Protesters demonstrate along a street leading to the governor’s mansion in San Juan, Puerto Rico. (Joe Raedle / Getty Images)
Police stand guard during a protest at La Fortaleza in San Juan, Puerto Rico. The protesters are demanding the resignation of Gov. Ricardo Rossello. (Thais Llorca / EPA-EFE / REX)
Nicole Lopez shows her national pride while joining other protesters calling for Puerto Rico Gov. Ricardo Rossello to step down because of his homophobic text messages. (Joe Raedle / Getty Images)
Martin, the Latin pop star whose sexuality Rosselló criticized in his private conversations, has shared his thoughts on Twitter, too.
“I will walk with my people, with my nation,” Martin said in Spanish in a video on Twitter Tuesday. “We’re going to be at the Capitol at 5 p.m. and we’re walking to La Fortaleza and we’re going to let Ricardo Rosselló know that we don’t want him in power and that we are tired. Puerto Rico has suffered enough and we can no longer make do with all these ‘leaders.’”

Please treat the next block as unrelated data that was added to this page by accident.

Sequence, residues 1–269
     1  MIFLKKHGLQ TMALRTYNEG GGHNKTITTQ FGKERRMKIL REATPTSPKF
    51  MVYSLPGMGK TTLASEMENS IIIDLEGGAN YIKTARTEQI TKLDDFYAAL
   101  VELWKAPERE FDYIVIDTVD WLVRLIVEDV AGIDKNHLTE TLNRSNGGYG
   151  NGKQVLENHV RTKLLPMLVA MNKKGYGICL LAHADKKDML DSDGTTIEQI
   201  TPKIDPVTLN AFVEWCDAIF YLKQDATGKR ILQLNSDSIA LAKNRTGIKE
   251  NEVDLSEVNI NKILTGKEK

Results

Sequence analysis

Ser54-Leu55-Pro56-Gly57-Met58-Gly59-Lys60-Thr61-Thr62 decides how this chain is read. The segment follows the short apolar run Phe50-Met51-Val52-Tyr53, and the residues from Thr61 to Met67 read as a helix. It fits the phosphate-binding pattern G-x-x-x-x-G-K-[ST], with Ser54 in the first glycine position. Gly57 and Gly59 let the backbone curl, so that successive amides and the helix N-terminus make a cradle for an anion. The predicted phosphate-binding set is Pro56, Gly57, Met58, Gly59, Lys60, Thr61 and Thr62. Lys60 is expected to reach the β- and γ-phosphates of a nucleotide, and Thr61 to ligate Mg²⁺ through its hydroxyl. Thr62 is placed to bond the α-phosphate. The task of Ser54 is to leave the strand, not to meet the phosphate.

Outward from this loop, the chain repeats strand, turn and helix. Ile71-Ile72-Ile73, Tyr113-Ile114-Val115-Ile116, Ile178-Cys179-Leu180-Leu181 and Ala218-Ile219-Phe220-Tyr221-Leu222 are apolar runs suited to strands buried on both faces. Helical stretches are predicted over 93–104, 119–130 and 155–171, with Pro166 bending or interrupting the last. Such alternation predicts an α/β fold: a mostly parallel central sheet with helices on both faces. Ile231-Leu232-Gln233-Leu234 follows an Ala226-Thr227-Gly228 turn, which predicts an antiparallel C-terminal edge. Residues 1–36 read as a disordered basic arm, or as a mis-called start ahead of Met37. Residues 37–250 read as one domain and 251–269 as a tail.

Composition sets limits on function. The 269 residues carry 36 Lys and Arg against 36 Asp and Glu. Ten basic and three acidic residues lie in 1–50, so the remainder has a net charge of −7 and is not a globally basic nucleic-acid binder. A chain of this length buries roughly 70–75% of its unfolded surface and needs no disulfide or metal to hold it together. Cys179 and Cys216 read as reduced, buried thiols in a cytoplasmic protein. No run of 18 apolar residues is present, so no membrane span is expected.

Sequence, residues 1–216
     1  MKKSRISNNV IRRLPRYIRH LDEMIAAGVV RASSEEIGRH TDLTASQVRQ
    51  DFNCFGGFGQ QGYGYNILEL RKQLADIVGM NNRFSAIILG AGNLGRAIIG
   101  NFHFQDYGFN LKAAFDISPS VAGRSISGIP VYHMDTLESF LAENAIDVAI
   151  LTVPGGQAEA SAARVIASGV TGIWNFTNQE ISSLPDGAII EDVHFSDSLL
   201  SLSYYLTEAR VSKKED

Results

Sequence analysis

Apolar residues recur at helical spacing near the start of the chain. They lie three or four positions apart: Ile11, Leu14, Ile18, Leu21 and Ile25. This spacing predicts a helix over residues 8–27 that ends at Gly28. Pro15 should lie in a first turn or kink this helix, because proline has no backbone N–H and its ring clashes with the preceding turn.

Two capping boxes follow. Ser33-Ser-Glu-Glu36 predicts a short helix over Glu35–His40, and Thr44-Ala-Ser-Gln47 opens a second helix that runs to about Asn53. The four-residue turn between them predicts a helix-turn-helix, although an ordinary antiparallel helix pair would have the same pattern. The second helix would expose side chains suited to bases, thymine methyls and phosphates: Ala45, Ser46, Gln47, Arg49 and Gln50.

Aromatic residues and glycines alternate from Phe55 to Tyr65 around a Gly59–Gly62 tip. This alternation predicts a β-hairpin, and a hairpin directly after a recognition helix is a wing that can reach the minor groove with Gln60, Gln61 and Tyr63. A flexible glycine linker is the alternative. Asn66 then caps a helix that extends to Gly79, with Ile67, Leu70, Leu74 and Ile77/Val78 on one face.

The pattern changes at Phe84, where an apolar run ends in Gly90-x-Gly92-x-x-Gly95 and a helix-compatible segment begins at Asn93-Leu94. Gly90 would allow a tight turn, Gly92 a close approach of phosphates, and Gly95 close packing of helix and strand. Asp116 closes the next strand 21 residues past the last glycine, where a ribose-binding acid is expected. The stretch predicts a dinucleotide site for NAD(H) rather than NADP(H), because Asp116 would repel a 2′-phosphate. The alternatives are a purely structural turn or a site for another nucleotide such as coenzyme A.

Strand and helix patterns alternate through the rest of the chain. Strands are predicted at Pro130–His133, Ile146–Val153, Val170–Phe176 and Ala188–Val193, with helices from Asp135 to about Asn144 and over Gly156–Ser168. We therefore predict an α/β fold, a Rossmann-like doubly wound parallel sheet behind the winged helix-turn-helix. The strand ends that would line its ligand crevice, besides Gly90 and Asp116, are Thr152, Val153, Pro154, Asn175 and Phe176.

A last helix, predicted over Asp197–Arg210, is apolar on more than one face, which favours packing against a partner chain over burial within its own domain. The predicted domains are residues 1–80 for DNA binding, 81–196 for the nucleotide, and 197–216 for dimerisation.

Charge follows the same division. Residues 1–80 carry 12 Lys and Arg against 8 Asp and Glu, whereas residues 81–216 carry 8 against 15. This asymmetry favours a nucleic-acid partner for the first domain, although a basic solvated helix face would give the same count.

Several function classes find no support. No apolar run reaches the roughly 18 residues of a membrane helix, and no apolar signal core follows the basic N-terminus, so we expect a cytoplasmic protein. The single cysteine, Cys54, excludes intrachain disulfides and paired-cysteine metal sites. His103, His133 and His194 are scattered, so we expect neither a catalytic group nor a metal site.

Miranda, the creator and star of the Broadway hit “Hamilton,” was vocal on social media after the leaked documents revealed conversations about the “Hamilton” run in Puerto Rico in January.
“#HamiltonPR was a triumph,” Miranda tweeted on Monday. “We did what we set out to do: raised 15 million for arts on the island, gave the tourism economy a boost—AND we rebuilt the UPR theater. While the governor and his buddies tried to claim some credit for it in their sad little chat.”
Miranda has continued tweeting about the situation. “This is not a moment, it’s a movement. Never seen coraje (anger) turn so quickly into coraje (courage),” tweeted Miranda on Wednesday morning, referencing a line in “Hamilton.” “In solidarity with [Puerto Rico] in the good times and the bad.”